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Saturday, June 19, 2010

CATERPILLAR'S WALK

caterpillar



Just before dark I took a walk through the woods among ferns and the canopy green so sky only peeped through little spaces like stars. I was looking for a good place to sit down and be in the shade of the trees for awhile. Distant rumblings were coming closer, but going by the distance and the rate they were advancing, I had plenty of time. I guestimated it would reach here about dark. I'd stopped my forward advance and was looking around for a seat when I thought I heard a cat cry. I put it off as my own wheezing and heard it again, more articulately cat. I recognized Caterpillar's plaintive miao that sounds so pitifully alone. She had followed me, though far enough back I never saw her. She was walking her particular Caterpillar walk with eyes big and wide open. She came to me like I'd just rescued her from one of the night animals. I picked her up, she purred and wanted me to rub her face. She puts her face in the palm of my hand, pushes and rubs, and I wrap my hand around her head. She likes that just a few seconds, 5 or so. It varies from time to time. Then it's enough.



There is something about burying her face in the palm of my hand that makes her happy. A dry washcloth or towel can give Caterpillar joy for hours. She Holds it to her face with her paws and rubs her face and rubs it. Thick as Caterpillar's fur is I wouldn't have thought she'd be as sensitive to textures as she is. She likes to rub on paper. She likes a variety of textures. The texture of the palm of the hand is her favorite, on her back, on top of her head, her face. When I held her out in the woods, she liked being up high where she could look around and see farther than usual. She looks around, studying details in distances, looking for anything moving. After a few minutes she was satisfied we were safe and relaxed. At ease, she wanted down. Caterpillar likes her feet on the ground. She likes being held, but not too much.



She walked around looking for anything she could find and watching me when I got up to walk down the hill to the house. She stayed back and watched me descend the hill, and I figured she'd come on when she was ready. I looked down at my feet and there she was, just a few feet away. That's her world. She doesn't like to go there without me anymore. Yesterday she wanted to go outside and I had a fair idea Martha the dog was somewhere nearby. Caterpillar went out about 20 feet from the house and here comes Martha. She started to take off after Caterpillar, play chase, I hollered at her and she stopped. Martha has the learning capacity of somebody with old-timers. When she turned her eyes back to the cat after being distracted by me, she was ready to run at Caterpillar again. I had to holler at her again. This went on 4 or 5 times until I stepped out the door threatening that I mean business. Looking back at it now, Caterpillar must have been terribly impressed at how the human just hollers at the dog and the dog stops. I don't believe Martha would hurt her, but I don't know that.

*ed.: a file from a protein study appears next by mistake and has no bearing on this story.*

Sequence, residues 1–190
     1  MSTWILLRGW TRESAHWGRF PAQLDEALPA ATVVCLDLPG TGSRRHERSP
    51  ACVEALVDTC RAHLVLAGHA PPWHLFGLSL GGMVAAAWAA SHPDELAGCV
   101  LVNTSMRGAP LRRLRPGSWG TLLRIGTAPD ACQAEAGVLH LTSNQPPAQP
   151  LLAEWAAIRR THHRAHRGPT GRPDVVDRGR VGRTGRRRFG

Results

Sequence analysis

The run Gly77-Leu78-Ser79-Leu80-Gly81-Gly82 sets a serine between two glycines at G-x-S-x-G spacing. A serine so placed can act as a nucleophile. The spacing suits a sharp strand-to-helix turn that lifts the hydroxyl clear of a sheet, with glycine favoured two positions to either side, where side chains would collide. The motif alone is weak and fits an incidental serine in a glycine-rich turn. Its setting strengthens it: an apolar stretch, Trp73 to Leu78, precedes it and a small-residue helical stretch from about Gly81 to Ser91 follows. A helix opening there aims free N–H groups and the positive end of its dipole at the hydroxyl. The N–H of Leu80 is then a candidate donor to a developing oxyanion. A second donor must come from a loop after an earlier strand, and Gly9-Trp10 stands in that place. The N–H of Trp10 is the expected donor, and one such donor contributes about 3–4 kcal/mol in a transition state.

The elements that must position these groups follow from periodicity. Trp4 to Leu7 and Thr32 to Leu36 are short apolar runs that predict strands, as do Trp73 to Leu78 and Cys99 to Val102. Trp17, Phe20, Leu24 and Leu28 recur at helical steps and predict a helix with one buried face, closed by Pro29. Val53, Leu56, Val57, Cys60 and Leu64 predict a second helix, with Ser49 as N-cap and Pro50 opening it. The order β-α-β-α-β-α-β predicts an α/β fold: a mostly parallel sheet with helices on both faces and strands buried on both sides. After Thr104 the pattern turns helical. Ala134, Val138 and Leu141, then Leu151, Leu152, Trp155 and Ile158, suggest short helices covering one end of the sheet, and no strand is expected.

As soon as I stepped outside Martha ran to me and coiled herself around my feet squealing and squirming, wringing and twisting. I touched her and she went into spasms of ecstasy bark-squealing and squirming so much I had to pull my hand back and tell her to settle down. The dog that never learns. She has learned a little bit that when I'm walking from house to car and car to house, do not jump on me. That was all she could do for a long time until I got just rough enough with her to let her know it is not acceptable behavior. Now she jumps up and down all around me, squirming in the air, unable to contol the impulse to jump on me until the last split second when she wiggles against her momentum to retract the lunge. It's a constant jump up and down dance like that. I have to kick my heels up behind to keep her off the backs of my legs. This is every time, not just every once in awhile, and it's every step. Like half the humans are below average, half the dogs are too. I've tried to take her for a walk, but it's not long before she sees an imaginary deer and takes off after it. Next time I see her she's at the house waiting for me.



When the night became dark the thunderstorm dropped a major downpour for half an hour or so. It made Caterpillar uneasy. Her impulse was to crawl under something, but she found a little corner, hunkered down and put her face in the corner. She stayed there until the storm passed. She's gone off to bed by now. Caterpillar is an easy cat to live with. Tapo is too. Tapo might be outside. She's spent several nights lately under the house. All I can figure is she has a corner with a ceiling so low dogs can't reach her, a place where she feels as secure as in the house. Tapo has appeared. Her back is damp from being outside. She's now lying down on the desk beside the keyboard, tip of her tail sometimes crossing the corner of the screen. Tapo's first sign of becoming an old cat is one whisker turned white. TarBaby was getting several white hairs sprinkled around in his coat. Tapo has none.

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